CASE STUDY

A 63-year-old male visited a general dentist for an initial examination. During the intraoral exam, a small red lesion was noted on the dorsal tongue.

May 1st, 2001
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A 63-year-old male visited a general dentist for an initial examination. During the intraoral exam, a small red lesion was noted on the dorsal tongue.

History

The patient was aware of the small red lesion on the tongue and stated that it had been present for at least several months. The lesion was described as painless and had no history of bleeding. When questioned about trauma, the patient claimed that he often bites his tongue while chewing.

The patient appeared to be in a general good state of health and denied any history of serious illness. A review of the medical history revealed a hospitalization for a knee replacement. At the time of the dental appointment, the patient was not taking any medications.

Examination

The patient's blood pressure, pulse rate, and temperature were all found to be within normal limits. No enlarged lymph nodes in the head and neck region were detected upon palpation. Oral examination revealed a small, elevated red lesion on the dorsal tongue (see photo). Palpation of the lesion revealed a well-circumscribed and soft mass. Further examination of the oral tissues revealed no other lesions present.

Clinical diagnosis

Based on the clinical information presented, which of the following is the most likely clinical diagnosis?

  • pleomorphic adenoma
  • peripheral giant cell granuloma
  • pyogenic granuloma
  • granular cell tumor
  • lipoma

Diagnosis

  • pyogenic granuloma

Discussion

The pyogenic granuloma is a reactive overgrowth of tissue that occurs in response to trauma or local irritants. The term pyogenic granuloma is a misnomer, as the lesion is neither pus-producing as the word pyogenic suggests, nor a mass of granulation tissue, as the term granuloma implies. The pyogenic granuloma is a common lesion that may be found in the oral cavity as well as on the skin.

Clinical features

Although the pyogenic granuloma may occur at any age, it is most often seen in children and adolescents. There is a distinct female predilection. This lesion is caused by trauma, local irritants (calculus or overhanging restoration, for example), or hormonal imbalance. The hormonal imbalances associated with pregnancy or puberty are believed to result in the heightened tissue responsiveness to such trauma or irritation. Because this lesion is common in pregnancy, it is also referred to as a pregnancy tumor.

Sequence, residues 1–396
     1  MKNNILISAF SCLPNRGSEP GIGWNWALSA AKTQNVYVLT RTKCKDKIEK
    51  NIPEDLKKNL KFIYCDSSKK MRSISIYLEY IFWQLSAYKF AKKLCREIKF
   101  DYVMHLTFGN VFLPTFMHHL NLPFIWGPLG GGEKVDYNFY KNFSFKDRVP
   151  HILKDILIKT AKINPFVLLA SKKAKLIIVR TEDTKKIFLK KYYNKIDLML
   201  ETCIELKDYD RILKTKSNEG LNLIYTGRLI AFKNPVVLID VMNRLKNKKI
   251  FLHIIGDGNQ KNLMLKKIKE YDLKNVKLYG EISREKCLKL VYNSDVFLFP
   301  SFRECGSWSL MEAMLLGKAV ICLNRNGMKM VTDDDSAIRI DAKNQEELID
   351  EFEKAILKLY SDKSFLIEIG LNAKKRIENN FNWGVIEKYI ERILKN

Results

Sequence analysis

Click here to enlarge image

The pyogenic granuloma may occur in the oral cavity or on any skin surface. In the oral cavity, the gingiva is the most common location; 75 percent of all pyogenic granulomas occur on the gingiva. The other locations that may be involved include areas susceptible to trauma, such as the lower lip, buccal mucosa, and tongue. The history of a patient with a pyogenic granuloma includes some sort of trauma or irritation to the affected area. This lesion grows rapidly and does not regress, but, rather, it persists until it is surgically removed.

The typical pyogenic granuloma appears as an elevated pedunculated or sessile mass that is pink or reddish-purple in color. The size of the lesion may range from a few millimeters to a few centimeters in diameter. The consistency of the pyogenic granuloma is soft and compressible. The surface may be glossy and smooth or lobulated. If the surface is traumatized, the pyogenic granuloma may bleed because of its vascularity. The pyogenic granuloma is asymptomatic; no pain is associated with this lesion.

Diagnosis and treatment

A diagnosis of a pyogenic granuloma is based on its clinical appearance and histologic examination. Histologic examination reveals a highly vascular proliferation of tissue that resembles granulation tissue. A proliferation of tiny capillaries and endothelial cells are supported by fibrous connective tissue with varying amounts of collagen.

The recommended treatment for the pyogenic granuloma is surgical excision. If a local irritant is present, it must be removed as well. For example, if calculus is identified as the local irritant, the adjacent teeth must be scaled to prevent recurrence. The pyogenic granuloma may recur following removal. Recurrence is linked to the incomplete surgical excision of the lesion, failure to remove local irritants, or additional trauma to the affected area.

When associated with pregnancy, the surgical removal of the lesion should be deferred until after childbirth; the lesion has a higher recurrence rate when removed during the pregnancy. In addition, some lesions regress following pregnancy and no surgical excision is required.

Joen Iannucci Haring, DDS, MS, is an associate professor of clinical dentistry, Section of Primary Care, The Ohio State University College of Dentistry.

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